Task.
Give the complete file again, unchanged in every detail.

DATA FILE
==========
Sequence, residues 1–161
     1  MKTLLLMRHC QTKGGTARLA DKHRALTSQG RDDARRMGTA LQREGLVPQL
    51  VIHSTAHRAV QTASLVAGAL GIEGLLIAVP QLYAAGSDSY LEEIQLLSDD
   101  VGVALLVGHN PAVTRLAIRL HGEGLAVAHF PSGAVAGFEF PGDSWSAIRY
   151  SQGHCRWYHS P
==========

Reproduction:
Sequence, residues 1–161
     1  MKTLLLMRHC QTKGGTARLA DKHRALTSQG RDDARRMGTA LQREGLVPQL
    51  VIHSTAHRAV QTASLVAGAL GIEGLLIAVP QLYAAGSDSY LEEIQLLSDD
   101  VGVALLVGHN PAVTRLAIRL HGEGLAVAHF PSGAVAGFEF PGDSWSAIRY
   151  SQGHCRWYHS P